Regaled by fans and critics alike, Solange Knowles‘ newly released third studio album, A Seat at the Table, is a prominent piece of artistry that’s contributed to the modern discourse of black lives in America. Aptly deemed a “sonnet for the soul,” the album comes at a time where the narrative of racialized police brutality has become hegemonic and race relations in the United States have evidently reached a tipping point. A Seat At The Table embodies themes of identity and glimpses into the African-American experience. Late last night Solange dropped two videos off the record to help flesh out the musical themes.
The videos are for “Crane in the Sky” and “Don’t Touch My Hair,” and each functions as a beautiful reflection of the lyrics the younger Knowles sister crafted herself. These two featured songs cast 30-year-old Knowles as the videos’ lead and as Saint Heron put it, act as “a musical representation of the spirit within an unapologetically black woman who is not interested in remaining silent in a critical time of identity, empowerment, grief, healing and self-expression — let alone, artistic expression.”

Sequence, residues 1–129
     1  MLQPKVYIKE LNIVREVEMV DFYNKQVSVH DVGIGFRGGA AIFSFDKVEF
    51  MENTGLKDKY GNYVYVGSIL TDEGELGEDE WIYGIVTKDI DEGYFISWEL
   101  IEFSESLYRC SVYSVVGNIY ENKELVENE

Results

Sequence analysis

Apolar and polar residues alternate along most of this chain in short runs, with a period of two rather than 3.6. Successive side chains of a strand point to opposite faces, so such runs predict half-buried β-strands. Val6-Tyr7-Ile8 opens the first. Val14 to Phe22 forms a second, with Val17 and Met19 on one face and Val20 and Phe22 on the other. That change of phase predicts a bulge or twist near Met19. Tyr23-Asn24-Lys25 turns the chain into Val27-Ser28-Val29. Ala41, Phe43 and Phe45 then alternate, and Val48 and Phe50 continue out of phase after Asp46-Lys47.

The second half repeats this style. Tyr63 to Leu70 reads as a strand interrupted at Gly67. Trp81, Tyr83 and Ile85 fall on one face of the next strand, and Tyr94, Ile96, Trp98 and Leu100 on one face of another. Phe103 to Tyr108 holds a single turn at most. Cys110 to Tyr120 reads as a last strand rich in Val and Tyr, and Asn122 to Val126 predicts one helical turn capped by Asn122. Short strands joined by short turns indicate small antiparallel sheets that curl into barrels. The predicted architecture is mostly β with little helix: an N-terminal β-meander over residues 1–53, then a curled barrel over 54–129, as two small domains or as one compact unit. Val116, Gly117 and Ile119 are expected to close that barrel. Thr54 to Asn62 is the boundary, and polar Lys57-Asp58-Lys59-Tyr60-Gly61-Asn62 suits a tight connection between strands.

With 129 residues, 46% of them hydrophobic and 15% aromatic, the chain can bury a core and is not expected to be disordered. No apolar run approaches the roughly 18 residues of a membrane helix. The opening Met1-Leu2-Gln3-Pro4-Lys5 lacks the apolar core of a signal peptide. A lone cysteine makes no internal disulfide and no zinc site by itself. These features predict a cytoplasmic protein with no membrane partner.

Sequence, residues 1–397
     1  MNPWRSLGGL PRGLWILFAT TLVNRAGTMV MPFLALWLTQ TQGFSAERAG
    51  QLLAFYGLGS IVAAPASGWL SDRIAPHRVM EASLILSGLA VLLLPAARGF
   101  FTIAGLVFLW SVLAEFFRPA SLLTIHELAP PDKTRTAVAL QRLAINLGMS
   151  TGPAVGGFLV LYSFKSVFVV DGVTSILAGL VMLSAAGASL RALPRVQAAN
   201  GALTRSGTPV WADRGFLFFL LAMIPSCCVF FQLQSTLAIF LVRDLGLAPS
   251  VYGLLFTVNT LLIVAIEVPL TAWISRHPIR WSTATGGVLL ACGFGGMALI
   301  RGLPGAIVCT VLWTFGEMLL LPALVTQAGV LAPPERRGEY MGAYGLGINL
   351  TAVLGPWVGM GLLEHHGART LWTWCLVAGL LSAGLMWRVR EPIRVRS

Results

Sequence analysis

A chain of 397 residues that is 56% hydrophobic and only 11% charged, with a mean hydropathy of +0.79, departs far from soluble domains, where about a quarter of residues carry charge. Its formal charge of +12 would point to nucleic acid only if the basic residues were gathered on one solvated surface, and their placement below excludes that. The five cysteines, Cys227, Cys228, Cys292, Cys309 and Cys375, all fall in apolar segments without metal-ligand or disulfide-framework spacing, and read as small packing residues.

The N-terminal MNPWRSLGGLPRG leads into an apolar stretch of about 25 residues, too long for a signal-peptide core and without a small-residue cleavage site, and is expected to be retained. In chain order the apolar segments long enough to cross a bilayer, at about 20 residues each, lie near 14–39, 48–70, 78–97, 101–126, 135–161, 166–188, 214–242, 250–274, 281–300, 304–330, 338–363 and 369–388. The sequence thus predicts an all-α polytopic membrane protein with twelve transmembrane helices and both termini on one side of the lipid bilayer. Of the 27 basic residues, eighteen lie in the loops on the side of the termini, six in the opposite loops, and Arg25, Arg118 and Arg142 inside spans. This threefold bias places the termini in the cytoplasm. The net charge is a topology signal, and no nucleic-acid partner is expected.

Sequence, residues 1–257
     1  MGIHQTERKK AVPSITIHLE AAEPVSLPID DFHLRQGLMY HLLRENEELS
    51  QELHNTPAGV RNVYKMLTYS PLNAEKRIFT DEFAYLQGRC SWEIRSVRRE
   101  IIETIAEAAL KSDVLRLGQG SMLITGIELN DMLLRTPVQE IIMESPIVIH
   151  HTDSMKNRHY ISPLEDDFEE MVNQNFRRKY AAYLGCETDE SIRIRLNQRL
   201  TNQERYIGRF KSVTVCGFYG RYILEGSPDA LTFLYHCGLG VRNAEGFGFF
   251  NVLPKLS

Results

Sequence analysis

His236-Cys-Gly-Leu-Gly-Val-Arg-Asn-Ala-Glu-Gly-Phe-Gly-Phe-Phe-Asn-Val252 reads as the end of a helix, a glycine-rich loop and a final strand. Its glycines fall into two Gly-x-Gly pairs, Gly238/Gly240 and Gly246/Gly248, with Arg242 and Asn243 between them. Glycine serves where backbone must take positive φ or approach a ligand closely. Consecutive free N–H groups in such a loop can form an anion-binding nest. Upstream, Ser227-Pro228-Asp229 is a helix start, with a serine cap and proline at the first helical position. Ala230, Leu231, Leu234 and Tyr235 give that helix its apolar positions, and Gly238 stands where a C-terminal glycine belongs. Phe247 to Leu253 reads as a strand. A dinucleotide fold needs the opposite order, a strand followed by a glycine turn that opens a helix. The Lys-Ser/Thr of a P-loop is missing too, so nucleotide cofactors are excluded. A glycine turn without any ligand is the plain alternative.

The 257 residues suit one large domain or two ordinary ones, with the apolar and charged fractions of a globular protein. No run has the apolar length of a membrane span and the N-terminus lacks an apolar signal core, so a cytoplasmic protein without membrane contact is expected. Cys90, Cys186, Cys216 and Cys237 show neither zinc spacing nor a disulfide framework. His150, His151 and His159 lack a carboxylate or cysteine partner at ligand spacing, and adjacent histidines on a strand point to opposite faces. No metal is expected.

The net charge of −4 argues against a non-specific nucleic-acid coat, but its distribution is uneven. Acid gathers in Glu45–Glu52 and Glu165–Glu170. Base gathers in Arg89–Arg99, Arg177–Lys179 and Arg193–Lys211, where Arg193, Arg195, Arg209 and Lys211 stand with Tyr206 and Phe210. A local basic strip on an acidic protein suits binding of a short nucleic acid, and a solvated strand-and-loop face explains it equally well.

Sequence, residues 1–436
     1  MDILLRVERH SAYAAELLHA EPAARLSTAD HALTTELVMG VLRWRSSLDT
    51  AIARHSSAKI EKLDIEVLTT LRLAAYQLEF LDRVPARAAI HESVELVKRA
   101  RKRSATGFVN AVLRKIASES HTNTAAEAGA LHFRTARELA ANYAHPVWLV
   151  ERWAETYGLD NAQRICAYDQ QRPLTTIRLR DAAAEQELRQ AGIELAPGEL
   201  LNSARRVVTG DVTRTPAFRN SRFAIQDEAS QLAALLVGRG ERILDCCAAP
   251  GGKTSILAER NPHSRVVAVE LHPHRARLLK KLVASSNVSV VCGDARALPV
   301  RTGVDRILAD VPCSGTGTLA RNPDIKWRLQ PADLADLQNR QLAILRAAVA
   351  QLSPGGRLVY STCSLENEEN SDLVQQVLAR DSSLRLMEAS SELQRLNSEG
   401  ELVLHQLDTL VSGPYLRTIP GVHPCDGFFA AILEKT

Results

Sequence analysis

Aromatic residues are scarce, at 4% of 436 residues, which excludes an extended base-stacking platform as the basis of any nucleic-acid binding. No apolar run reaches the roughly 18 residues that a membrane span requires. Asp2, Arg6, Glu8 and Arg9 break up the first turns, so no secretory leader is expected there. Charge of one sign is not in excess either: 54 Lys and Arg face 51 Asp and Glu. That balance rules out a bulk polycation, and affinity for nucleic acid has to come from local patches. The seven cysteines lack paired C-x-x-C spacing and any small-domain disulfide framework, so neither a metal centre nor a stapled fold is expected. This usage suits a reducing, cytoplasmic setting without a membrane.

Knowles is no stranger to eloquently depicting the deeply embedded racism society continues to suffer from. The freshly dropped videos mirror the sentiments she outlined in an essay entitled, “And Do You Belong? I Do” writing that many people “simply are a product of their white supremacy and are exercising it on you without caution, care, or thought.”
Both videos were co-directed by Solange and her husband, Alan Ferguson, and prominently feature Solange in various scenes where she is joined by an assembly of dancers in dynamic locations.
The physical copy of A Seat at the Table will be available on November 18.